Nudging farmers to comply with water protection rules Experimental evidence from Germany

Nitrogen runoffs induced by agricultural fertilisation cause serious environmental damage to surface waters. Environmental and consumer protectionists demand government intervention to mitigate these externalities. With this in mind, the present study examines the effects of nudge-based regulatory strategies. We use an incentivised single-player multi-period business management game as an experimental device to study how nudges affect compliance with the minimum-distance-to-water rule in a sample of German farmers. We investigate two different nudge treatments: a nudge with information and pictures showing environmental and health damages that are presumably caused by breaching the minimum-distance-to-water rule, and a nudge with an additional social comparison suggesting that the majority of farmers in the same region comply with the rule. We observe three core experimental outcomes: first, nudging has a preventive effect and reduces the share of non-compliant participants. Second, against all expectations, the preventive effect of the nudge with an additional social comparison is weaker than that of the nudge with information and pictures alone. Third, despite the overall positive effects of nudging, the nudge with social comparison even increased the severity of non-complying behaviour in the deviant subpopulation. Acknowledgement : The authors gratefully acknowledge ?nancial support from the German Research Foundation (DFG). We thank Dr. Matthias Buchholz, Dr. Daniel Hermann and the Centre for Statistics of the University of G ttingen for helpful comments and statistical advice. We also thank Manfred Tietze for support by programming of the experiment.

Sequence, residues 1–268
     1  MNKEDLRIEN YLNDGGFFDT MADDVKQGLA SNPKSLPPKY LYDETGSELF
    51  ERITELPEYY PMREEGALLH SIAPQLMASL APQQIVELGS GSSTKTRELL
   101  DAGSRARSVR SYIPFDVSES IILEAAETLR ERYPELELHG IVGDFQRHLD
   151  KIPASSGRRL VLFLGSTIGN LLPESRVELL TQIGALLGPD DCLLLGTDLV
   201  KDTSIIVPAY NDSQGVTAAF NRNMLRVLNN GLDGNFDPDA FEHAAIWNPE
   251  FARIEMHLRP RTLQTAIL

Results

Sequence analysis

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Conference Paper/ Presentation
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JEL Codes:
Q58; Q28; Q18

 Record created 2018-10-02, last modified 2020-10-28

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